The author of ‘El mercado curial. Bulls and business between Rome and the Iberian world in the Modern Age ‘receives the award from the Ministry of Culture.
Antonio Jos Daz Rodrguez has won the 2021 National Prize for the History of Spain for his work The curial market. Bulls and business between Rome and the Iberian world in the Modern Age. The award, awarded by the Ministry of Culture and Sports, is endowed with 20,000 euros.
The jury has chosen this work “because it is a careful and rigorous investigation with a poetic air that sheds light and brings us closer to a little-studied and sometimes hidden reality. It expands the field of science and contextualizes the social and political dynamics addressed. , contributing to the economic and financial history some episodes that arouse the interest of the readers going beyond the purely economic thing “.
Professor Daz Rodríguez has affirmed to EL MUNDO that the practice of bulls and dispensations was common during the 16th, 17th and 18th centuries, but that today it goes unnoticed. “It was as everyday as it is today for us, the internet.”
Your essay The curial market. Bulls and business between Rome and the Iberian world in the Modern Age (Ediciones Universidad de Valladolid) analyzes “the international business between Rome (the Papacy) and the Catholic countries, especially Spain, that space in which apostolic grace is processed. How through bulls could operations be carried out so that families could achieve a social promotion, for example. ”
In those centuries, dispensations were necessary and to achieve them there were channels of intermediaries, agencies. “There were legal and illegal operations, since there was also a lot of speculation,” adds Professor Daz Rodríguez.
That universe of ecclesiastics, intermediaries, bankers, speculators, rogues, front men, literati and extortionists has been reflected, according to the winner, in the works of the Valds brothers and in ‘El Lazarillo de Tormes’.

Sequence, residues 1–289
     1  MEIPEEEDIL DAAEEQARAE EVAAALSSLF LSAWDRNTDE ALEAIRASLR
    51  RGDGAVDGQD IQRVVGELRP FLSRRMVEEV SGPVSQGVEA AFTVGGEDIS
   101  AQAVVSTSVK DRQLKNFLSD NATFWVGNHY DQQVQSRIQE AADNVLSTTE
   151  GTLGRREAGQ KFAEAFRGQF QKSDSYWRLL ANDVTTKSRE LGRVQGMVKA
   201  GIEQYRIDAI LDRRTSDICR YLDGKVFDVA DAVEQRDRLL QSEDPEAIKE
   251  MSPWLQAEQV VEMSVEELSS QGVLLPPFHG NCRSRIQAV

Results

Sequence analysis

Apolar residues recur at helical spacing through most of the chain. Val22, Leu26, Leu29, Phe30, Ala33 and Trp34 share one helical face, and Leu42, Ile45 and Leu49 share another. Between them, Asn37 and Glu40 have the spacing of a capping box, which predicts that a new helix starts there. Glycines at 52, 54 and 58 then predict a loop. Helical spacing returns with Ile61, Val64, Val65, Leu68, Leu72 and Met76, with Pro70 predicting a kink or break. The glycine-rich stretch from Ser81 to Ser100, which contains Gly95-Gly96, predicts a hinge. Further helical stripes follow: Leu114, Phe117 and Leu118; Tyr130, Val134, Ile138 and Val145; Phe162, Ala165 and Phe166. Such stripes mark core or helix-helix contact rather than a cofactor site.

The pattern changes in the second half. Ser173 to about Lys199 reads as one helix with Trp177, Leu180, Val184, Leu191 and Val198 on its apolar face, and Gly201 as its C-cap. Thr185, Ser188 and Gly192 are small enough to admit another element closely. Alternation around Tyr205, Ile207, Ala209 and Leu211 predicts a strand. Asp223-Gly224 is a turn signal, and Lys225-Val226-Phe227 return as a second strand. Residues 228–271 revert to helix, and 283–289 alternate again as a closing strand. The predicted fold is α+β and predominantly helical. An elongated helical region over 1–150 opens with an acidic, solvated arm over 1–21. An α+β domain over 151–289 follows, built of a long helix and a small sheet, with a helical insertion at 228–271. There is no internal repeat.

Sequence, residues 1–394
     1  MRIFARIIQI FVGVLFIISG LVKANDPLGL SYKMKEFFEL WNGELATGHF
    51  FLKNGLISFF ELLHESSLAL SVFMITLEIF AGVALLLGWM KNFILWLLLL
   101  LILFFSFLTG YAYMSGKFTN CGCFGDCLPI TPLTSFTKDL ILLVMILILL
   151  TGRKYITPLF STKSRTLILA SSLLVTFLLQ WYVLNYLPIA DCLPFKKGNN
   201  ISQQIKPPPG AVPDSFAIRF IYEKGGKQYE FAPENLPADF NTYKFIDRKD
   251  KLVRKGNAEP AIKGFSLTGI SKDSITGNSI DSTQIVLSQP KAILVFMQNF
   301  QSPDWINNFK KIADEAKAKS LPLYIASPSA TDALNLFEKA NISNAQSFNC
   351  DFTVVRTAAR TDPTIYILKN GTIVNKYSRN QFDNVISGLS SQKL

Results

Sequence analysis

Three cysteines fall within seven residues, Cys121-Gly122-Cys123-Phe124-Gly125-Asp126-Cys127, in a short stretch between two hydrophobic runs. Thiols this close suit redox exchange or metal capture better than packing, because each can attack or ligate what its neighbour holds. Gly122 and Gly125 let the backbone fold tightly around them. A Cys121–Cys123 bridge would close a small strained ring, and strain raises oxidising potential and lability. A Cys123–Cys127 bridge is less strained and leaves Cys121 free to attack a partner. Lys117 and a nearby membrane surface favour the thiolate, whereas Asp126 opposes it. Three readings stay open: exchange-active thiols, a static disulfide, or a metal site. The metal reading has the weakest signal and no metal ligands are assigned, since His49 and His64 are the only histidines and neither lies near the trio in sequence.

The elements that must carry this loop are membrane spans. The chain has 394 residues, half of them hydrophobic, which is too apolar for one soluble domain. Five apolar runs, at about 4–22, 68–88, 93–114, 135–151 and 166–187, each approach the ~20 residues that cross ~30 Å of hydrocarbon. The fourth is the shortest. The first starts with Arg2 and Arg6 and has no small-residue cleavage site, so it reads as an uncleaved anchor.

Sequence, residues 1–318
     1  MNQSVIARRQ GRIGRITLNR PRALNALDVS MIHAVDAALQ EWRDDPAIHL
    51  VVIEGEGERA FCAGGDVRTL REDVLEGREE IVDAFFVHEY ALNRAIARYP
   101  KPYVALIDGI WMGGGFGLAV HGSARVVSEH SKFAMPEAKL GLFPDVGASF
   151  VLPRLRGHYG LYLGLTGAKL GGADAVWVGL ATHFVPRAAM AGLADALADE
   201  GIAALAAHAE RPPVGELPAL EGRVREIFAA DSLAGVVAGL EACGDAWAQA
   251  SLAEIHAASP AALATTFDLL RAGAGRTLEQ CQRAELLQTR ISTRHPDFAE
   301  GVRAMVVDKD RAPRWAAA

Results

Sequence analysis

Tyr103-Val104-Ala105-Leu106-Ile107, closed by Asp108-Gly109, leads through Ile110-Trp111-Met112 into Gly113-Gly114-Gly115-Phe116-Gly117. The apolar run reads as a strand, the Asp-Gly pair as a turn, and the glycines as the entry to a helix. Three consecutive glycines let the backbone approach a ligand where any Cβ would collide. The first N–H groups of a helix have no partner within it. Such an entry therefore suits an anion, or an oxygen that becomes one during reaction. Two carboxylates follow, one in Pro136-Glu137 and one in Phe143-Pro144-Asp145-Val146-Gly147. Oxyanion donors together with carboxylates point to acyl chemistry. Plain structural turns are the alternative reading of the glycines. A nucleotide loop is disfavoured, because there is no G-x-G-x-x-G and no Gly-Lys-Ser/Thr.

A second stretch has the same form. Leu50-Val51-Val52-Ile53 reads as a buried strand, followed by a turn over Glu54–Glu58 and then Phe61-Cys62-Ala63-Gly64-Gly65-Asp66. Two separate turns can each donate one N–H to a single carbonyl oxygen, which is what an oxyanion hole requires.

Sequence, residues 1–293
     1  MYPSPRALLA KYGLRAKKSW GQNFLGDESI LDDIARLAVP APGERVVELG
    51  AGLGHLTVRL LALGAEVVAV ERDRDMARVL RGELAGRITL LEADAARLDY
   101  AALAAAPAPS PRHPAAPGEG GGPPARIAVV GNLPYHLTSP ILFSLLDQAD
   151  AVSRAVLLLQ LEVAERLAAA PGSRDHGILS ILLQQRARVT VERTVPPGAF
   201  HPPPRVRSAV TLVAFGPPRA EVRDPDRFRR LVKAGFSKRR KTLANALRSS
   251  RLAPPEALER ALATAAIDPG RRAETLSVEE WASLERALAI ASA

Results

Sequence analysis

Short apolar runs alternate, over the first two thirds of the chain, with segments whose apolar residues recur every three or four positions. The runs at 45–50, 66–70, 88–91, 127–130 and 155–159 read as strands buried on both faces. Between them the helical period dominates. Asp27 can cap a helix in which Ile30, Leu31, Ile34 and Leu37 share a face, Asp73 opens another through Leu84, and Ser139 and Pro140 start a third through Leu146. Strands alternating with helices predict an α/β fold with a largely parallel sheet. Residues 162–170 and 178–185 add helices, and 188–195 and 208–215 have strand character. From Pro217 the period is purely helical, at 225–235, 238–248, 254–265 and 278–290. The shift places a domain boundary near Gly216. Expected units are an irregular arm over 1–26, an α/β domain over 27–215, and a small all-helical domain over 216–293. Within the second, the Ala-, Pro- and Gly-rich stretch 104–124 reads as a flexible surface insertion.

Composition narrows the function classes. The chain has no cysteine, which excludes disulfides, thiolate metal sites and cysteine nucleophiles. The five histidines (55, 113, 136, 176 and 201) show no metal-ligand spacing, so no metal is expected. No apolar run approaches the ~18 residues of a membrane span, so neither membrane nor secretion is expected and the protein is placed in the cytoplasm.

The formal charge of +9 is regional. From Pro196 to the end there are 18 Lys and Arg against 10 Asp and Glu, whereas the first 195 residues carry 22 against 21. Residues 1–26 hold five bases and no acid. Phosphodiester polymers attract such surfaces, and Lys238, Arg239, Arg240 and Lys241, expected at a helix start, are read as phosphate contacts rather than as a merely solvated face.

“The first stable firm path in the time of Philip II was that between Rome and Spain, such was the flow that existed between the clergy and the peninsula. Even in Rome mailboxes were installed because thousands of requests arrived to obtain bulls or dispensations” Daz Rodríguez details. “It is not that the dispensations cost a lot but there were many: for canongas, to marry, dispensations to skip Canon Law so that, for example, an illegitimate child could access the clergy, for burials …”.
Antonio Jos Daz Rodrguez is a Doctor in History from the University of Cordoba, where he is a professor in the Department of Modern, Contemporary and American History. Between 2013 and 2017 he developed his work as a researcher at the University of Vora, where he coordinated the Research Group Societies, Powers and Identities and to which he remains linked as an integrated member of the Scientific Council. Since March 2017, he has been a contracted researcher for the Juan de la Cierva-Incorporation Program at the University of Cordoba. Simultaneously directs the Permanent Seminar on Historical Disclosure The Time Archive ‘ and he is deputy director of the Laboratory for Judeoconverted Studies.
According to the criteria of